The recent verdict by a French court stopping the deportation of an unnamed Bangladeshi on the grounds of deadly air pollution in Dhaka has raised eyebrows among many of us. In some of our newspapers and portals, an undertone of ridicule and aspersion against the assumed lack of patriotism in him was evident. Environmentalists, however, celebrated it as a landmark ruling as governments will now have to take tackling air pollution as a matter of urgency to prevent mass migration. For the last few decades, we have heard a lot about climate refugees, mostly as a result of forced displacements following extreme natural events or disasters caused by climate change. However, the person in question is probably the first legally recognised "pollution" refugee of the world.
As a Muslim woman born and brought up in Denmark, Nadia Helmy Ahmed broke many stereotypes when she started boxing at the age of 15. “Back then it was not common for girls to take up elite boxing, let alone common for Muslim girls, I used to be the only girl in my gym, along with ten others boys,” said Nadia to IPS News.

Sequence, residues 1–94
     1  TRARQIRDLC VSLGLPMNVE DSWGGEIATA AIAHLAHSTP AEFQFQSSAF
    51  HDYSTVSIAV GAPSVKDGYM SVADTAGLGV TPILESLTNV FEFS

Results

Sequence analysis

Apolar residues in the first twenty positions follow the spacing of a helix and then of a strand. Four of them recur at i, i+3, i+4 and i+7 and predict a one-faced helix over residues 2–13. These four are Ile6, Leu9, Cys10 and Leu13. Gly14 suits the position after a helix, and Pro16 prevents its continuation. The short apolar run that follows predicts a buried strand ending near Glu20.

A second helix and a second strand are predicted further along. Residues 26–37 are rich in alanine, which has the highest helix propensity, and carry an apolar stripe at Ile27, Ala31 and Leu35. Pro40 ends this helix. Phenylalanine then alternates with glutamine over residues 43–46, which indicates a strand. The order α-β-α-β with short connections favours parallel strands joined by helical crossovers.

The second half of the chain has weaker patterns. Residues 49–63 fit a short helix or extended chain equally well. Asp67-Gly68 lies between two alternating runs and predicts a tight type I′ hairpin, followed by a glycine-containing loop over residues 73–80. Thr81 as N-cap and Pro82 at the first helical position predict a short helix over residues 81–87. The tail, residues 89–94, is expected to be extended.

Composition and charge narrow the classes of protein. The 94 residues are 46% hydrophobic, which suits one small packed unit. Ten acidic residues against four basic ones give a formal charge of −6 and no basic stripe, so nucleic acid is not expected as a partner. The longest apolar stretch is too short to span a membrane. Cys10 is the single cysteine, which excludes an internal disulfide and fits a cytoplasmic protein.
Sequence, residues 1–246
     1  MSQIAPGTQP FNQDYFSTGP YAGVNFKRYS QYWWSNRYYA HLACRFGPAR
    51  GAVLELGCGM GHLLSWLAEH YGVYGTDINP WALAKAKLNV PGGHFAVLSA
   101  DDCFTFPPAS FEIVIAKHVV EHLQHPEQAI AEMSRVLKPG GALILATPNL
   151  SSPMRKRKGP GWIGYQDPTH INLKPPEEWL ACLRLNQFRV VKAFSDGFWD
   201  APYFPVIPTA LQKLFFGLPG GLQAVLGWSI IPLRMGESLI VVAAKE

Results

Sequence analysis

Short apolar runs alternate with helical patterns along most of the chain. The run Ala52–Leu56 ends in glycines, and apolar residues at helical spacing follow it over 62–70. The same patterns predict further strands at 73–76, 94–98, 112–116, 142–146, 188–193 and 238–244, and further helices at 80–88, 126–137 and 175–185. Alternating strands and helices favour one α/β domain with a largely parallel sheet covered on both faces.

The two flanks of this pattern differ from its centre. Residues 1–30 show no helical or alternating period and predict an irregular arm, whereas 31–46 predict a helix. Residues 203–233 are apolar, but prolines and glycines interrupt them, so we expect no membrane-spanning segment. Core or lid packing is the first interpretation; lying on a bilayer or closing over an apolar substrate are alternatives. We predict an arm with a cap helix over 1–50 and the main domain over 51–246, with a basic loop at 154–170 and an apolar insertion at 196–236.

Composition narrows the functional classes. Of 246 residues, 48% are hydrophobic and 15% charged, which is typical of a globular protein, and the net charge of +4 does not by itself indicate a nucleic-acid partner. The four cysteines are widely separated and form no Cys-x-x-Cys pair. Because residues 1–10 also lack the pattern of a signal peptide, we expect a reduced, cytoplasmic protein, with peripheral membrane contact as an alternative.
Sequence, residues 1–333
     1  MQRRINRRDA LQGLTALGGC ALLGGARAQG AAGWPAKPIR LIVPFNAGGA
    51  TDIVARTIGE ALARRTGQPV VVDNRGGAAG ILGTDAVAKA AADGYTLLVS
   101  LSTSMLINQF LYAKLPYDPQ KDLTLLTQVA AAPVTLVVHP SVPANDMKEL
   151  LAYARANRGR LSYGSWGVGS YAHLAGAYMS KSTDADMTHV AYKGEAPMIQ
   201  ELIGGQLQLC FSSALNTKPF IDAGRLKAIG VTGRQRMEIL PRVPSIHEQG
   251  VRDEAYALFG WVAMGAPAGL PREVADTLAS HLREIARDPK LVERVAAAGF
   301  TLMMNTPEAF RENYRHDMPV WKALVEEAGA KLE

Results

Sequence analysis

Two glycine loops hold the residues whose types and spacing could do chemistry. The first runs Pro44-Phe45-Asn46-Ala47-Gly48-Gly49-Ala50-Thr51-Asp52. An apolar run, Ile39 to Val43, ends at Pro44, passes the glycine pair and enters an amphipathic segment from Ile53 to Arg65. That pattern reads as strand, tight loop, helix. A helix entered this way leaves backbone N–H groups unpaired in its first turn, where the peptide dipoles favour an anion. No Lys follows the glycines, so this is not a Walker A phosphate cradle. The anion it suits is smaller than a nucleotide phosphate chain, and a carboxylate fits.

Temperatures have plummeted way below zero in Bosnia, making life even more miserable for hundreds of migrants and refugees — including entire families with small children — sleeping rough while trying to reach Western Europe.
In October 2020, Bangladeshi citizens took to the streets, outraged by the reports of gruesome gang rapes and sexual violence that were taking place in the country. According to Ain O Salish Kendra
, a Bangladeshi human rights organization, 975 women were raped in the first nine months of 2020, 43 women were killed after being raped and 204 women were attempted to be raped by men in Bangladesh.
If the coronavirus is not deemed a biological weapon, is the heavily-publicized Covid-19 vaccine in danger of being weaponized when over 159,000 Palestinians who have tested positive in Occupied Palestinian Territories (OPT) are being denied treatment during a deadly pandemic?
Most people around the world were glad to see the back of 2020: From the devastating bushfires in Australia to the plagues of locusts through East Africa stretching across Arabia to Pakistan, extreme weather, melting ice sheets at the poles, and Covid-19 that still engulfs the globe.
Despite its grim record of multiple natural disasters and a deepening climate crisis, one could be forgiven for looking back on 2019 with a degree of nostalgia. There is no disguising the extent of the calamity wrought this year by COVID-19, yet as we approach the end of 2020 we may also draw strength from positive developments emerging.